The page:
Thousands of people all over the United Kingdom took to the streets to protest against inflation and the rising cost of living. The “Enough is Enough” rallies organized by worker unions and climate change activists kicked off on Oct. 1 in the capital London and other major U.K. cities.
Protesters who gathered at the King’s Cross district of London demanded a pay raise to match rising inflation, currently unprecedented in 40 years. One attendee named Helen said she joined the rallies in opposition of the incumbent Conservative (Tory) government.
“We need to get rid of this Tory government. People are going to really suffer in all sorts of ways, and we don’t know where it’s going to end.” she said. Helen also pointed to incumbent British Prime Minister Liz Truss, who she claimed is on “the far, far right.”
According to the protester, the mini-budget mulled by Truss and Chancellor of the Exchequer Kwasi Kwarteng would be “disastrous for this country.” The mini-budget provided enormous tax cuts for those earning more than £150,000 ($166,230). Similar protests in the central English city of Birmingham were held in opposition to the Tories’ handling of the situation on Oct. 2. (Related: Food and fuel shortages, price spikes continue to get worse in protest-hit Ecuador.)
The tax-slashing plans included under the mini-budget went way too far than many anticipated by canceling the maximum rate of income tax and removing a cap on bankers’ bonuses. It subsequently triggered chaos in the British financial market, with the pound dropping to an all-time low against the U.S. dollar. Investors also began searching for exits as the fiscal plan threatened to extend the crisis-struck nation’s finances to a breaking point.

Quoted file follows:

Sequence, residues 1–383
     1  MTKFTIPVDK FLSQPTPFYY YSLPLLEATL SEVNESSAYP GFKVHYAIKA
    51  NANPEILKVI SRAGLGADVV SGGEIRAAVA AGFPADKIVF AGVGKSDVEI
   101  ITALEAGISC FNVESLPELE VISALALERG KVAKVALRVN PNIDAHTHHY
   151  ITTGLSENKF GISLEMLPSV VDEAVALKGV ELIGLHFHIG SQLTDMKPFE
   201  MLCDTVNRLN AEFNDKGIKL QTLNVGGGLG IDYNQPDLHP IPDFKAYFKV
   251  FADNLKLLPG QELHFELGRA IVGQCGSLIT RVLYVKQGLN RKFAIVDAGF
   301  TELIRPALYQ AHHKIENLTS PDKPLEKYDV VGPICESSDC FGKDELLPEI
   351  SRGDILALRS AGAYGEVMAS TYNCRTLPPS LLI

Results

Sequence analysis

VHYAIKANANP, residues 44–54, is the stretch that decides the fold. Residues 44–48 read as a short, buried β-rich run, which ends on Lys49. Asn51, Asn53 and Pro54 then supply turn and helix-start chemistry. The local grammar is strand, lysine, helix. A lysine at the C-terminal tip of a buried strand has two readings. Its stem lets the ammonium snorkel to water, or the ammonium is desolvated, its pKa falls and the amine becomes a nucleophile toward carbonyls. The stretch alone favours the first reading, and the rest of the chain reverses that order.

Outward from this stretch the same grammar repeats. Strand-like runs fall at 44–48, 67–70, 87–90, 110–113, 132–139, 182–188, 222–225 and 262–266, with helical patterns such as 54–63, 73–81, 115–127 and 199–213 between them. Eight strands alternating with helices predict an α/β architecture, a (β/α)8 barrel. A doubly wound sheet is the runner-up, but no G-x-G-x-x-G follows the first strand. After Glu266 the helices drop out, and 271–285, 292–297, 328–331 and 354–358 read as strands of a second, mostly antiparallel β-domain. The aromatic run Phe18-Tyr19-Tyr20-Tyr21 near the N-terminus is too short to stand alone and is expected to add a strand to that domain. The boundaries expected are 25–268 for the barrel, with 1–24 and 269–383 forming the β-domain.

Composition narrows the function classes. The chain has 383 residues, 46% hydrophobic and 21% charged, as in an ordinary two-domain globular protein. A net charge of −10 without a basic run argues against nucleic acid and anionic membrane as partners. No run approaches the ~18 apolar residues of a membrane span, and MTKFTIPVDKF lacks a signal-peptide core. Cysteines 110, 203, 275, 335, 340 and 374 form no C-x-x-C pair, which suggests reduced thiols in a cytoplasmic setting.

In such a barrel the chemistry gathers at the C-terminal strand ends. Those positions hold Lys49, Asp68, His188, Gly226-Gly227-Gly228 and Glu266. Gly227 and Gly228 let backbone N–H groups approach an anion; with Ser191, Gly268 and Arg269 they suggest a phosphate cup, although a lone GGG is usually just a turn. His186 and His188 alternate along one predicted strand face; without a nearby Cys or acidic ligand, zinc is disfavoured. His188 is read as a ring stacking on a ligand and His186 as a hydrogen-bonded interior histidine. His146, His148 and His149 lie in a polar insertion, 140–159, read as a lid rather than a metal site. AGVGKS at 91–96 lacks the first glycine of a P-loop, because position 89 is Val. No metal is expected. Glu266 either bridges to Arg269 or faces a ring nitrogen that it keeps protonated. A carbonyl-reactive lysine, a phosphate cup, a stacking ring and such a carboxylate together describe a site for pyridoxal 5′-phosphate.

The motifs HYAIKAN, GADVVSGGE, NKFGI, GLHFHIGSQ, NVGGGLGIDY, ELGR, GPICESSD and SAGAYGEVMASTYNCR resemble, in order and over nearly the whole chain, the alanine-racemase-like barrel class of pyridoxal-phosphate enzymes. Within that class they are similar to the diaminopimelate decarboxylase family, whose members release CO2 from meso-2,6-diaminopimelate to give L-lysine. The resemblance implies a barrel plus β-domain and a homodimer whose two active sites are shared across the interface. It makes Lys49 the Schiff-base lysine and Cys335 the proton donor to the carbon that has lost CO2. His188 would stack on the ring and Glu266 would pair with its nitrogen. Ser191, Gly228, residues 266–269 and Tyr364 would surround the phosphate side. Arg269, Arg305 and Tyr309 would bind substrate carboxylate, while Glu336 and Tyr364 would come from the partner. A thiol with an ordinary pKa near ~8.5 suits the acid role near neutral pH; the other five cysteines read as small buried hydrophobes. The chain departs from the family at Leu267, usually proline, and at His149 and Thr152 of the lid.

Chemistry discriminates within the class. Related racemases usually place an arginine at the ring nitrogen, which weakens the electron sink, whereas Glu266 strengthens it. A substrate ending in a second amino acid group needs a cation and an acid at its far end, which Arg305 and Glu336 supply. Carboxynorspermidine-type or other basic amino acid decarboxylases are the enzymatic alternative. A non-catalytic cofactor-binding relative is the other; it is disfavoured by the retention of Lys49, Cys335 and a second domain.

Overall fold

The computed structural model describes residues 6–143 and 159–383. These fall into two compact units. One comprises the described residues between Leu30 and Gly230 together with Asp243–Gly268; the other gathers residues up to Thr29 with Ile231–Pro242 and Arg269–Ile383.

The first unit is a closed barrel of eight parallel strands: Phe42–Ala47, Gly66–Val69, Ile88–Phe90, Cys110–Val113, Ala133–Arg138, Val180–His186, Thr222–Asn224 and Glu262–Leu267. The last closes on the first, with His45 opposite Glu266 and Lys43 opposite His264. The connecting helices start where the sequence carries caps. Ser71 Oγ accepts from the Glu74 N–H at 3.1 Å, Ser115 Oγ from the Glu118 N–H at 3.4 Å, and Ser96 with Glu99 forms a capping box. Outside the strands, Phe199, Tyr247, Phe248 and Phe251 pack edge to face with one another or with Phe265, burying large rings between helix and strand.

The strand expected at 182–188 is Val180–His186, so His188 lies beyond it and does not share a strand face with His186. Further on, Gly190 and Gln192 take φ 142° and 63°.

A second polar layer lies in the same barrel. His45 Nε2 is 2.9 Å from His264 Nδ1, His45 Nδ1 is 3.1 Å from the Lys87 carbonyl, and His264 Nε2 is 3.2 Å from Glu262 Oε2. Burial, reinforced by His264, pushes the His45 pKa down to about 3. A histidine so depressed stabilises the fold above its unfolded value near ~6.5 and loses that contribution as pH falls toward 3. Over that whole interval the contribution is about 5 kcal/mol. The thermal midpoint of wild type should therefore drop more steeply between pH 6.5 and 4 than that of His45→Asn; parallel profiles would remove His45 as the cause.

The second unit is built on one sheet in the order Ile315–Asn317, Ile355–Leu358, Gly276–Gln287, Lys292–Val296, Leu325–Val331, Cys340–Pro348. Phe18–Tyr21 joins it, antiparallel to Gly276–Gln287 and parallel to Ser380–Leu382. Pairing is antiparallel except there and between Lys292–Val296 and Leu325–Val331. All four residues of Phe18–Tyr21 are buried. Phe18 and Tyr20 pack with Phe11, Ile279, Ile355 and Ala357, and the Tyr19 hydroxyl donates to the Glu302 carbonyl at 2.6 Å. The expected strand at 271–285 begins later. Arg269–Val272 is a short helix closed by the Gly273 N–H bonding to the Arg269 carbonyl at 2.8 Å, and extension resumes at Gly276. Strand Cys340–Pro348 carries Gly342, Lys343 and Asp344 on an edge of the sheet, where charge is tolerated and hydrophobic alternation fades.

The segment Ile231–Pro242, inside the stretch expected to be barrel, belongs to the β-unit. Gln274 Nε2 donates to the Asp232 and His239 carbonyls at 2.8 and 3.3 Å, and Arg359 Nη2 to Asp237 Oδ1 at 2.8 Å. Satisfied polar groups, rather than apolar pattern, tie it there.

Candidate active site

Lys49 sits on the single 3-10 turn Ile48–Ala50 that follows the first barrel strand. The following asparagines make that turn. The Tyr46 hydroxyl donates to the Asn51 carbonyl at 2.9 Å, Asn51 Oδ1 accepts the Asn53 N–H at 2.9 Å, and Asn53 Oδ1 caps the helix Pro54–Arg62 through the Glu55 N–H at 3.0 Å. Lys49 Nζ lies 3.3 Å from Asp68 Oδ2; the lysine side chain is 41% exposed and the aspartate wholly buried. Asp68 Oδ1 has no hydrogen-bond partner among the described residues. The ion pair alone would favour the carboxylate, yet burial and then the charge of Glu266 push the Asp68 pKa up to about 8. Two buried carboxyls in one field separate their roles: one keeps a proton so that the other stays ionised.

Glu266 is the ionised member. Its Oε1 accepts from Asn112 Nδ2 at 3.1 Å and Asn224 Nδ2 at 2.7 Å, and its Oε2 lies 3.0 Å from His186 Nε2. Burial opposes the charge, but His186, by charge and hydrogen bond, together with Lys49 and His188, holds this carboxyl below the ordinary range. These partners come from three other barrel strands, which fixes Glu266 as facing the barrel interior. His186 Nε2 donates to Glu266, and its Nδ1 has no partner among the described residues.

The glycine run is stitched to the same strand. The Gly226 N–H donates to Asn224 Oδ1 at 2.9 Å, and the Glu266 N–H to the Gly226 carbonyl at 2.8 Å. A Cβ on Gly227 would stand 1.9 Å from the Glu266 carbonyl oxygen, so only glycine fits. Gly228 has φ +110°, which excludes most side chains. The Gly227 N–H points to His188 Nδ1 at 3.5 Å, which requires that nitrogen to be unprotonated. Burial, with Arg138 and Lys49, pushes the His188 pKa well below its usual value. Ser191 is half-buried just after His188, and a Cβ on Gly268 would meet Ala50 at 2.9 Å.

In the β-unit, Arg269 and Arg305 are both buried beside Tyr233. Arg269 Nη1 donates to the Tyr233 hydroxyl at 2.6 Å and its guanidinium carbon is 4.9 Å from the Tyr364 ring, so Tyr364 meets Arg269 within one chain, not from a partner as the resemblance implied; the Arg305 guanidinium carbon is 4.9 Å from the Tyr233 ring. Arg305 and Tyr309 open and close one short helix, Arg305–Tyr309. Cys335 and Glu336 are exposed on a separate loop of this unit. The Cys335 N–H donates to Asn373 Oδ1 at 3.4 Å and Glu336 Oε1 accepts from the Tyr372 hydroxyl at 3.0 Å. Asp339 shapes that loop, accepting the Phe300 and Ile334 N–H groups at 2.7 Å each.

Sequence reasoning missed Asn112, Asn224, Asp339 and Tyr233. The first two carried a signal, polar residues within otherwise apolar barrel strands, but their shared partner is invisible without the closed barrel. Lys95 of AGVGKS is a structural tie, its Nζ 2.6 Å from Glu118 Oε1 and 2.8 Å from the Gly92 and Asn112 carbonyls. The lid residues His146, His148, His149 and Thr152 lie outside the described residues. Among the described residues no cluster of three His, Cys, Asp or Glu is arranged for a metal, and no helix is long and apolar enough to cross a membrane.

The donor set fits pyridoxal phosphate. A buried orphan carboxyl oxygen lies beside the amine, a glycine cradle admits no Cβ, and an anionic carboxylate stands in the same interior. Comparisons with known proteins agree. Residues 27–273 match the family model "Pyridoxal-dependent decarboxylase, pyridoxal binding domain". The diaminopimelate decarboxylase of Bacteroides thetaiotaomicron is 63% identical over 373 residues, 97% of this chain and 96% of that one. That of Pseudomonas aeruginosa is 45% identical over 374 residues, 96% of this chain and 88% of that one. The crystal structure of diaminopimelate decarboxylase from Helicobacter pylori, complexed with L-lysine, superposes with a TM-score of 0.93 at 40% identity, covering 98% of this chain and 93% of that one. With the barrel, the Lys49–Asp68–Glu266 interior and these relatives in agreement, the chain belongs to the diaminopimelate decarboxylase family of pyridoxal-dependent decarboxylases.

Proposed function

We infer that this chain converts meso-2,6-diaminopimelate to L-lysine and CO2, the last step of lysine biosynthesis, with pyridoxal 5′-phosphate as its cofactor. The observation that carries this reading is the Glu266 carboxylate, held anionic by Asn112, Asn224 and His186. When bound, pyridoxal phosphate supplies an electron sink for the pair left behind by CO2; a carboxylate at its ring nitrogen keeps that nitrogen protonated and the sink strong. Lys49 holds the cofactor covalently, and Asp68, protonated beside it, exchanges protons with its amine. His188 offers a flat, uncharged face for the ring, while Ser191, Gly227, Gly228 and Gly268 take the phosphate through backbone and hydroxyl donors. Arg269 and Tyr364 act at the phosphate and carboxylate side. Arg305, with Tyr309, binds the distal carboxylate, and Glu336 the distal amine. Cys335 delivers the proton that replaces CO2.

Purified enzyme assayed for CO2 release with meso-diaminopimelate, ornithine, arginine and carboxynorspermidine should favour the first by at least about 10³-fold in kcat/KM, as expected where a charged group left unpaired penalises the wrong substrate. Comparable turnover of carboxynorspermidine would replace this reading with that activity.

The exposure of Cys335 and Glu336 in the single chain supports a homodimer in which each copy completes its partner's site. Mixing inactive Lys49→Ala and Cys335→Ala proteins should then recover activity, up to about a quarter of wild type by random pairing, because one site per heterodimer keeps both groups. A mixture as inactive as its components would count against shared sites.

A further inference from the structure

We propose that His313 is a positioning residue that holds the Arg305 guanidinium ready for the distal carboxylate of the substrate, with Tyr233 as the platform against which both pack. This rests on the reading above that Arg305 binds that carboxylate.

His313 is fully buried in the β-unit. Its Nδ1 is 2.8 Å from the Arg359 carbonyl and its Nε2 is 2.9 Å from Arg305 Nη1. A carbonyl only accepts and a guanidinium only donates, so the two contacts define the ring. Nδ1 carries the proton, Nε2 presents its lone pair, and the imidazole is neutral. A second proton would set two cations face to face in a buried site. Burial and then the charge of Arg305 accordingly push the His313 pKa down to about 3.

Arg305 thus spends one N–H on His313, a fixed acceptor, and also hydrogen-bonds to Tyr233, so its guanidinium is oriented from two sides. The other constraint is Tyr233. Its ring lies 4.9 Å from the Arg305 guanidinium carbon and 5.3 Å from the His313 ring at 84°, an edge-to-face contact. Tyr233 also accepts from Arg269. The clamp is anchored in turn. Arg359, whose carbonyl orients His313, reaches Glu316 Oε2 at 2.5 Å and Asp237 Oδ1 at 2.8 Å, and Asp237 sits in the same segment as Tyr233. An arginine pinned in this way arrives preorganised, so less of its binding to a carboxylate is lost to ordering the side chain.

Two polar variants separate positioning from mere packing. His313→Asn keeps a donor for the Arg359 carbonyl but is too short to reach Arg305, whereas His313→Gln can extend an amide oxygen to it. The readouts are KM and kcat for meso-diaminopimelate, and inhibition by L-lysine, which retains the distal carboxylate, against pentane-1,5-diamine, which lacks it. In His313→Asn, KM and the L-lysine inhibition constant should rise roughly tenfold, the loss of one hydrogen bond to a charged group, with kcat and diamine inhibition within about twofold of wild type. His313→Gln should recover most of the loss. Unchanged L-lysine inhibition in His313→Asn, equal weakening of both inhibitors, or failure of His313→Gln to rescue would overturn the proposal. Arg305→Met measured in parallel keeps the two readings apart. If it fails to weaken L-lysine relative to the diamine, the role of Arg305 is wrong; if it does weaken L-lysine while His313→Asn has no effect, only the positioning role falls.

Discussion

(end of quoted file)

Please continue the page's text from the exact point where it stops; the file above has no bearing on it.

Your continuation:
Truss and Kwarteng later defended their economic package. In an article for the Sun, the incumbent prime minister admitted that the plans caused “short-term disruption.” But the prime minister still promised to push through with the mini-budget and handle the public coffers with “an iron grip.”
Meanwhile, Kwarteng wrote in the Daily Telegraph that His Majesty’s Treasury will reveal a “medium-term fiscal plan” that will commence a way to lowering borrowing, alongside “new fiscal rules and a commitment to spending discipline.”
Many Britons blame the Tories for the country’s financial crisis, with more than half having doubts toward Truss. This could eventually mark the return of the opposition Labor Party as the majority in Parliament. Former British Prime Minister Gordon Brown, who served in the role from 2007 to 2010, was the last chief executive under the party.
Incumbent Labor leader Keir Starmer has pledged to restore the U.K. economy, enhance public services and bring the government out of an “endless cycle of crisis” if he is picked to head the nation on the next general elections.
During a speech at his party’s annual conference in the northern city of Liverpool, Starmer criticized the Conservatives’ decision to cut taxes for the wealthiest amid a critical cost of living crisis, pushing voters not to “forget” or “forgive” the moves before a much-awaited national vote in 2024.
Starmer asserted that the Labor Party was once more “the party of the center ground” and vowed to fix the U.K.’s ailing economy, revive the country’s National Health Service and meet the climate crisis.
“This is a Labor moment. Britain will deal with the cost-of-living crisis. Britain will get its future back. That’s my commitment to you, the national mission of the next Labor government. And together with the British people, we will do it,” Starmer told the big crowd in Liverpool.
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